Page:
Doctor lands fellowship from UPMC, gains post at Sochi Games
February 9, 2014 10:59 PM
USOC chief medical officer Dr. Gloria Beim with snowboard gold medalist Shaun White in Sochi.
By J. Brady McCollough / Pittsburgh Post-Gazette
SOCHI, Russia -- When talking to Dr. Gloria Beim, details emerge that only begin to explain how she emerged to become Team USA's chief medical officer at the Sochi Winter Olympics, supervising more than 70 medical professionals in charge of keeping United States athletes in shape to pursue their dreams.
There is the one about Beim starting college when she was 14 because she had basically run through all the available curriculum at her Montessori school. Then there is the one about her spending time each day of the past eight months learning to speak and comprehend Russian so that she can be fully communicative in Sochi. And in between those examples, which span the breadth of her development into one of the top orthopedic surgeons in the country, there is the one about how a young woman with a Columbia University medical school degree broke into a man's game by coming to Pittsburgh.
Beim had heard about the sports medicine fellowship at the University of Pittsburgh Medical Center, run by Dr. Freddie Fu and Dr. Christopher Harner, and she wanted one of the spots, badly. But at that time, in the mid-1990s, UPMC had never had a female fellow in its program. How could she make it happen? Well, she would run into Fu at conventions and meetings each year and introduced herself.
"Dr. Fu," Beim says, "is bigger than life."
Beim made enough of an impression to gain an interview. But, on the night before she was scheduled to fly from New York to Pittsburgh, there was a major snowstorm, and her flight would be cancelled. She called to Fu's secretary and begged for her to reschedule, but she said this was the only day for interviews. Beim figured that fate had stepped in and cruelly rendered its judgment. She was not going to be a fellow at UPMC.
But then, a break! Two of the other candidates, who were students at Harvard, also had been snowed in. So Beim was told she could interview the next day in Pittsburgh.
Her adventure was just getting started. Little did she know that Fu had been in a serious skiing accident at Seven Springs a week earlier. He had five fractured ribs and a broken clavicle. Being Fu, though, he was back at work. Maybe it was just her nervous energy, but, when making a joke with Fu at the interview, she slapped him on the back. Fu grimaced. He was in pain. He told her about his injury, and Beim was mortified. Once again, she thought she was done at UPMC.
"She thinks I won't offer her a job," Fu recalls.
Somewhere, deep down, likely beyond his clavicle, Fu couldn't shake this feeling that he had to have Beim in his program. She would be his first woman fellow, and he would waste no time pushing previously set boundaries.
Fu assigned her Pitt football, men's basketball and wrestling.
"I challenged the system," Fu says. "I assign a fellow to any sport I want, but I really wanted to test the culture. The players, the trainers, I wanted them to learn to work with a female, and I thought that she was up to the task to do it."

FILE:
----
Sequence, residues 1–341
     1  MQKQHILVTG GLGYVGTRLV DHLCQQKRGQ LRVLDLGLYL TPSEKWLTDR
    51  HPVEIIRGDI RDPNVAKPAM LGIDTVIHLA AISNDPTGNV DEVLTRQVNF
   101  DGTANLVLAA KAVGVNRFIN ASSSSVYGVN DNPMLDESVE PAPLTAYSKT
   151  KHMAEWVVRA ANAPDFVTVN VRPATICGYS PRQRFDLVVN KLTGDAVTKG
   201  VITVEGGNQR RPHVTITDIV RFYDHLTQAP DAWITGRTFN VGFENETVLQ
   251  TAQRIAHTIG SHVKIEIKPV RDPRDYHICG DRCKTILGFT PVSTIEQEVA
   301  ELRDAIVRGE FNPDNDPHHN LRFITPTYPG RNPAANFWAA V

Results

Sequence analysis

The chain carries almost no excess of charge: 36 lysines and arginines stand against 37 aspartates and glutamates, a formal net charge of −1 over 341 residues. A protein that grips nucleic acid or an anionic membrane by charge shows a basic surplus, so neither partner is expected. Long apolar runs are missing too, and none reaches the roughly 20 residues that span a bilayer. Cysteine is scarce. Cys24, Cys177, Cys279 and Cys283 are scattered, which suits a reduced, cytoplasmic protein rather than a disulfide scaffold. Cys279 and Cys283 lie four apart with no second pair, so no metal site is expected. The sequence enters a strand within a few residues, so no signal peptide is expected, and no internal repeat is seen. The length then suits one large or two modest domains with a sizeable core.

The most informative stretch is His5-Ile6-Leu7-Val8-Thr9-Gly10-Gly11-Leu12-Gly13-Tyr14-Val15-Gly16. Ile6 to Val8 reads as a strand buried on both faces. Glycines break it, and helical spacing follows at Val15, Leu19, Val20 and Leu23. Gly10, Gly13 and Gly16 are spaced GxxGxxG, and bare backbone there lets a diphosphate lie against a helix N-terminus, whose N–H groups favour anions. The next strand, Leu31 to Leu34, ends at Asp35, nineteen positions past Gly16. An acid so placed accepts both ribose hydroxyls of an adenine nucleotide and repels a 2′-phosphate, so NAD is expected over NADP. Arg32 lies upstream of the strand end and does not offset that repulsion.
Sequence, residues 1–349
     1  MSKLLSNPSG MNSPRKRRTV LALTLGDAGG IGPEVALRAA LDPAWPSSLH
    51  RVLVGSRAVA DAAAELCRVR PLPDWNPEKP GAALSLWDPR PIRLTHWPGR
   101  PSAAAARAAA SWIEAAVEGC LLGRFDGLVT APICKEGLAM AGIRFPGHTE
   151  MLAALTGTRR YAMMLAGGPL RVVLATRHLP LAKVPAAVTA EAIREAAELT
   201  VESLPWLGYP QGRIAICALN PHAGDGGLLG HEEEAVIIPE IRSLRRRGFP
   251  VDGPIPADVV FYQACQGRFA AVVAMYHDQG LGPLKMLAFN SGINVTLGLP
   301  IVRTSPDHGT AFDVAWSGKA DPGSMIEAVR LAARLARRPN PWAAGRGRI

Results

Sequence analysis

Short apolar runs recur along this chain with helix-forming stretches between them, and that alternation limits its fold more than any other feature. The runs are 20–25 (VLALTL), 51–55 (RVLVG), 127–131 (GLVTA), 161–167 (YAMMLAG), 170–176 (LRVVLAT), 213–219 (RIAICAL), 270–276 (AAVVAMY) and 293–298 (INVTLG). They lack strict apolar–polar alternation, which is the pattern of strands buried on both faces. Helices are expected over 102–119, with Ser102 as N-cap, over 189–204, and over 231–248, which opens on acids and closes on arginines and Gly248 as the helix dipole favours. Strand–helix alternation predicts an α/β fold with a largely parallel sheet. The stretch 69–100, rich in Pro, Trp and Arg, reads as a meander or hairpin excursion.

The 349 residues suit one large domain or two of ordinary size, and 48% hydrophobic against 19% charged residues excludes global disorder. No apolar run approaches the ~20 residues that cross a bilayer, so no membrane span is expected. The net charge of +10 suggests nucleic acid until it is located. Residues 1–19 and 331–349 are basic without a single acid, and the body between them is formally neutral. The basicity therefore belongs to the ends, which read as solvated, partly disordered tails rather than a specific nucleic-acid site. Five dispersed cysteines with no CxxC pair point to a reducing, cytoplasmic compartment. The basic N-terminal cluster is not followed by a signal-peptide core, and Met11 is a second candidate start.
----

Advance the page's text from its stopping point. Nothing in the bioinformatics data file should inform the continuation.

That year, Beim performed a lot of ACL surgeries. She wrote a lot of papers. She did not sleep much. And, funny enough, she had earned her stripes by suffering a knee injury of her own. She was on the sideline when a Pitt football player ran into her, hyperextending her knee.
After that, given the clavicle incident, Fu called it even.
"I told her later, 'Now you hurt your knee, we've paid it back,' " Fu says.
Beim has spent her entire career paying back Fu's faith in her. She moved to Crested Butte, Colo., to open her own practice, believing that she wouldn't be nearly as prepared if not for her year in Pittsburgh. In 1997, she began working with USA Cycling, and in 2000, she began volunteering her services with the United States Olympic Committee.
The 2004 Athens Games were her first Olympics. She skipped on Beijing in 2008 to have a baby daughter and rejoined the cause for London in 2012.
"There's something special and magical about Olympic athletes," Beim says, "particularly during the period of the Games. I can't explain it. But the energy and the passion and the excitement, and the ability to witness history and greatness, is so special. I'm just so thrilled that I get to do it again."
In Sochi, she will be the go-to person for all USOC medical personnel. It will be a lot to juggle, but nobody can say she isn't prepared. In a recent phone conversation, Beim was able to blurt a stream of Russian words. As usual, her preparation is the difference.
"This is biggest honor I could ever dream of," Beim says. "I'm going overboard."
And in Pittsburgh, Fu isn't hiding the pride he feels in Beim, and the movement she helped start for more diversity in his program.
"I have 44 trainees," Fu says. "You have a critical mass. Once we created an environment where you want to find the best, whether it's male, female doesn't matter. It's a philosophy. You see what Gloria achieved."
To report inappropriate comments, abuse and/or repeat offenders, please send an email to
firstname.lastname@example.org and include a link to the article and a copy of the comment. Your report will be reviewed in a timely manner.